Pretending Islamophobia doesn’t exist is what happens when people haven’t gotten out of their own privileged echo chambers to actually listen to the real, living, breathing human beings around them. They don’t even know how fully fabricated their worldview is by powers who seek only their own entrenchment and gain. They don’t recognize that even having to manufacture public consent for Islamophobia is indicative of how powerful that public could truly be if they only knew to rise up against the machine that harms all of us.  And, as a result, Muslims continue to be utterly dehumanized, marginalized and murdered in the process.

Should I tell you how I really feel?


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Nakita Valerio is an award-winning writer, academic, and community organizer based in Edmonton, Canada. She recently completed graduate studies and work as a research assistant in History and Islamic-Jewish Studies at the University of Alberta, as well as a research fellowship on Islamophobia and anti-Semitism for The Tessellate Institute. Nakita serves her community as the Vice President of External Affairs with Alberta Muslim Public Affairs Council (AMPAC), as an advisor for the Chester Ronning Center for the Study of Religion and Public Life,  and as a member of the Executive Fundraising Board for the YIWCL Cree Women’s Camp. Nakita is the co-founder of Bassma Primary School in El Attaouia, Morocco and is currently working on a graphic novel memoir weaving her experiences abroad with her community work and research.

 

This one is going to be uncomfortable, folks. Cultural appropriation is an ever-present hot topic these days and nowhere is this truer than on The Drawing Board blog where our posts on the subject have continuously garnered more traffic than most others in the archive. It is especially something to be talking about with Halloween being yesterday as brutally offensive costumes will have been worn all over North America (and they were). Something happened on social media recently that gave me some time and space to think about this still-emerging phenomenon (particularly among yogi New Age communities in the West) and even though it has raised hell on my emotions about the subject (there is still bitterness in my words that I cannot expunge), I want to take you through my thought process so we can all work it out together. At this point, I am inviting conversation about this issue. So here’s what happened:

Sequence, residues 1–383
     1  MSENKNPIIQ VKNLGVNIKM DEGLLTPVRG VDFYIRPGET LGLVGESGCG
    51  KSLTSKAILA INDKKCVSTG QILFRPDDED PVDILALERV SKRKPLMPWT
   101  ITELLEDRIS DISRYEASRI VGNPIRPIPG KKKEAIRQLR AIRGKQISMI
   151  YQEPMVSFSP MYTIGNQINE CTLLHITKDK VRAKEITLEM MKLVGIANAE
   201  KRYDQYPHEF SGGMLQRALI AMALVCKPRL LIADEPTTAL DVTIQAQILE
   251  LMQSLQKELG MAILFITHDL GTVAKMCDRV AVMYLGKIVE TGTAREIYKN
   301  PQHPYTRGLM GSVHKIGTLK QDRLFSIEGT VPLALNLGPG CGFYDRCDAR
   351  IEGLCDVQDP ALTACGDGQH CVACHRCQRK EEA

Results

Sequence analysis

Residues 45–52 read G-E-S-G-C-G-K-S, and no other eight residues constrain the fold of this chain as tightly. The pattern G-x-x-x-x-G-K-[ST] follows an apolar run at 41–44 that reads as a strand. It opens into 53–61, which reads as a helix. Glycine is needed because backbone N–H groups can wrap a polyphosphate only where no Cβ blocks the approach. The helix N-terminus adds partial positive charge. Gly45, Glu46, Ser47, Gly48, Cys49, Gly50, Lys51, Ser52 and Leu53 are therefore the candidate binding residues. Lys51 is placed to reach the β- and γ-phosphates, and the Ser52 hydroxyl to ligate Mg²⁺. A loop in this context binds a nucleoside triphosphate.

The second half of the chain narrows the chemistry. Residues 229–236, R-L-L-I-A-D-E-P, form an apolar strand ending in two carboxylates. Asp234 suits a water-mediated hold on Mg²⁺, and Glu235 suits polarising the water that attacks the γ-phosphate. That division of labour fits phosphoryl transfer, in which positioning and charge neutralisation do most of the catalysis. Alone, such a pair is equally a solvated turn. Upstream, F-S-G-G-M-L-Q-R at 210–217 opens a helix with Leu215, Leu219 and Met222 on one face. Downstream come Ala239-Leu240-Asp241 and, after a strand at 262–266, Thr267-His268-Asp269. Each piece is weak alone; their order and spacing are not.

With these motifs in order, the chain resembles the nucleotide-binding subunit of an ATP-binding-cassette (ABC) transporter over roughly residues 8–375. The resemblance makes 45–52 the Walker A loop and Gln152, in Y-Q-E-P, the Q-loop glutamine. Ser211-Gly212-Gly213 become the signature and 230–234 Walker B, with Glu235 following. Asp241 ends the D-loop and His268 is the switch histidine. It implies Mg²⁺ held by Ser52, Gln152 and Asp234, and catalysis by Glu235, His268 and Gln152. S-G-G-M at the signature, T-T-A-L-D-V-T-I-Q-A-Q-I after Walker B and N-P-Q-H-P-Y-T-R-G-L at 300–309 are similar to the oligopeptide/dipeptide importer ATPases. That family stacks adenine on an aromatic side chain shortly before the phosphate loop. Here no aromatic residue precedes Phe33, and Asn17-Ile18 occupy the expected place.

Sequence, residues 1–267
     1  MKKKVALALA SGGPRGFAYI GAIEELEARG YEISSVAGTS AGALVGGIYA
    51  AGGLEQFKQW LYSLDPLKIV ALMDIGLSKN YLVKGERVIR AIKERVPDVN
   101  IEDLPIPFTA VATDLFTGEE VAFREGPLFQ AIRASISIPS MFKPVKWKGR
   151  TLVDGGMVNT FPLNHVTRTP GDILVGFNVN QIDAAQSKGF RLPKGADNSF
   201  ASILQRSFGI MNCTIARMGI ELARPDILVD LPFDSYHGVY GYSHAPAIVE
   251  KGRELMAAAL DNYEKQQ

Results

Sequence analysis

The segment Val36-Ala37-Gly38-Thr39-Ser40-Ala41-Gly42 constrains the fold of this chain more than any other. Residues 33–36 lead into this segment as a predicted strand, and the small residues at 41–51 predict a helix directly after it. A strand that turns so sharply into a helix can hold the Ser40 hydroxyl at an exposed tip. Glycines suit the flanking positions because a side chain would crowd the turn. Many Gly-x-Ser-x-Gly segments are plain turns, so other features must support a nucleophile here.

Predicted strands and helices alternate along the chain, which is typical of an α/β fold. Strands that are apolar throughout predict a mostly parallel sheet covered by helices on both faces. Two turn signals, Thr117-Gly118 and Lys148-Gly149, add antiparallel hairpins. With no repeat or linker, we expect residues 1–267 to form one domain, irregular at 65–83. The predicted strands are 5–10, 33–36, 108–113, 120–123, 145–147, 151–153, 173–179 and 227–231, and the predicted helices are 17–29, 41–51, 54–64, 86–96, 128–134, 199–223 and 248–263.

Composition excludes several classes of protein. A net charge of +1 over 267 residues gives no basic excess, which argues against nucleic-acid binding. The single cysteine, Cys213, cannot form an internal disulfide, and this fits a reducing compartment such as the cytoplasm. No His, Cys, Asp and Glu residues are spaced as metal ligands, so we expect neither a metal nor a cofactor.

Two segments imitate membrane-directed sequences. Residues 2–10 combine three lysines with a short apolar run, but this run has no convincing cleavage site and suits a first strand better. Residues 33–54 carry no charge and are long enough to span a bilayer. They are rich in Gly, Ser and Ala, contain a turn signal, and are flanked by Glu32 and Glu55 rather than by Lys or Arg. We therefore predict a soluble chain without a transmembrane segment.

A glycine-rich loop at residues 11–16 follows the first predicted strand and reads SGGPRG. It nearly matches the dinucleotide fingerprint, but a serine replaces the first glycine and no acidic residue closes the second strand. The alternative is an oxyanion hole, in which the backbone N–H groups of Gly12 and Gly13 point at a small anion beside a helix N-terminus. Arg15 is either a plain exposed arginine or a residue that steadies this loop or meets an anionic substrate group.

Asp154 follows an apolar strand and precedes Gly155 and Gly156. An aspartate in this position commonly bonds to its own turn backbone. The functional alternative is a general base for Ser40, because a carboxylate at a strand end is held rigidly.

A white girl started posting pictures of herself in religious head-gear* on her social media accounts.

*This is me being purposefully cryptic.

The first time I saw her picture, I thought: that is a nice colour. But I was unsettled by the whole thing so I tried to process how I was feeling for myself. What bothered me about this picture of a white woman wearing what can be described as a turban? Do I have a right to be bothered by this picture as a veiled convert to Islam myself? Maybe this person became a Sikh as their style of turban would suggest. Do I have a right to ask? Do I really just want to know her story or do I want to know if her head wrapping is “authentic”? Does the authenticity of her conviction behind the turban make a difference to her right to wear it? Do I have a right, as a feminist, to question what this woman is choosing to wear?

Then, I forgot about it. Or, more aptly, I chose to ignore it because I couldn’t properly process the answers to those questions and didn’t know how to venture a few questions of my own to ask.

But these things never go away for long. And soon enough, she had posted another picture of herself in a turban with friends “Oohing and Awwing” over it (something I am sure POC who wear them are not accustomed to, especially during their formative years when they get bullied for being alive, never mind wearing something on their heads). One person, however, decided to take a courageous step that I hadn’t and asked this woman’s thoughts on recent articles about the turban and cultural appropriations by white women by simply asking if she had thought about it before donning the turbans. It was a way of starting a conversation by asking a pretty straightforward question.

I added my two cents that I wanted to know if she had had a “conversion” experience – knowing full well that conversion is a very complicated topic and usually involves acculturation rather than solely the adoption of inner beliefs. The idea that accepting “inner beliefs” of a “religion” hinges on an orthodox Christiano-form secular definition of religion about private beliefs being more important than outward practices – a definition that doesn’t apply to most of the rest of the world’s so-called religions, or as I call them cultural systems/ways of life. It’s complicated. If she had converted, I would be very much interested to hear that story as a convert myself, even though – at the end of the day – I could live without hearing it.

I felt alright about my follow-up question. I thought this person would be open to conversation, to sharing their experiences for the rest of us who were curious about the new-found knowledge that led to such a drastic change in appearances. (As I have been open upon being asked about my conversion to Islam and donning of the hijab countless times).

Instead, we were met with a defensive response that was so quintessentially typical of the white, colonial, privileged mentality, I found that I could barely articulate a response and kept writing and deleting again and again.

At first, she started by mentioning that she had just finished a Kundalini yoga teacher training in the Sikh community and mentioned that you don’t need to be Sikh to wear a turban. Fair enough. This is actually true: Sikhs do not own the turban, and –for that matter- neither does the Indian subcontinent, where most people think of it as originating. That we didn’t know that at the time isn’t great, but it also goes to show what happens when you reverse the typical white-POC positions: normally turbaned people are being asked by ignorant white people about stuff they wear on their heads. This time it was a white person….and boy, did she not *like* being asked.